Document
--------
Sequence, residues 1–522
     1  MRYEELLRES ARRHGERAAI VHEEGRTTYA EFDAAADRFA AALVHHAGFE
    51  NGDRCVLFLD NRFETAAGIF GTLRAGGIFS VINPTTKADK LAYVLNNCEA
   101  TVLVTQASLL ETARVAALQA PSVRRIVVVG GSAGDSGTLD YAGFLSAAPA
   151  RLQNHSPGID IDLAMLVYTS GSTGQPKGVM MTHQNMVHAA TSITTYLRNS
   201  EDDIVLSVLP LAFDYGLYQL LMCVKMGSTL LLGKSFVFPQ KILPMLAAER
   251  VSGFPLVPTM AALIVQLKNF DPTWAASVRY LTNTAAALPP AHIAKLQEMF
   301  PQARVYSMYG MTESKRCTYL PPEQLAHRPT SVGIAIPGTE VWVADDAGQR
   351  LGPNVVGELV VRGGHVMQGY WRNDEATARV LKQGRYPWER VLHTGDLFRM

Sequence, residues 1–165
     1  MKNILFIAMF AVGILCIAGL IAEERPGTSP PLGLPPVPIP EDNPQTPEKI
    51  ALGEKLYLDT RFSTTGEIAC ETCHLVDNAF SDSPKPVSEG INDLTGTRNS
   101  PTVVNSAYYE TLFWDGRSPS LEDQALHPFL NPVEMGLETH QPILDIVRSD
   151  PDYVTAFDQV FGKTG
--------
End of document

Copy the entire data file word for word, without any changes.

Sequence, residues 1–522
     1  MRYEELLRES ARRHGERAAI VHEEGRTTYA EFDAAADRFA AALVHHAGFE
    51  NGDRCVLFLD NRFETAAGIF GTLRAGGIFS VINPTTKADK LAYVLNNCEA
   101  TVLVTQASLL ETARVAALQA PSVRRIVVVG GSAGDSGTLD YAGFLSAAPA
   151  RLQNHSPGID IDLAMLVYTS GSTGQPKGVM MTHQNMVHAA TSITTYLRNS
   201  EDDIVLSVLP LAFDYGLYQL LMCVKMGSTL LLGKSFVFPQ KILPMLAAER
   251  VSGFPLVPTM AALIVQLKNF DPTWAASVRY LTNTAAALPP AHIAKLQEMF
   301  PQARVYSMYG MTESKRCTYL PPEQLAHRPT SVGIAIPGTE VWVADDAGQR
   351  LGPNVVGELV VRGGHVMQGY WRNDEATARV LKQGRYPWER VLHTGDLFRM

Sequence, residues 1–165
     1  MKNILFIAMF AVGILCIAGL IAEERPGTSP PLGLPPVPIP EDNPQTPEKI
    51  ALGEKLYLDT RFSTTGEIAC ETCHLVDNAF SDSPKPVSEG INDLTGTRNS
   101  PTVVNSAYYE TLFWDGRSPS LEDQALHPFL NPVEMGLETH QPILDIVRSD
   151  PDYVTAFDQV FGKTG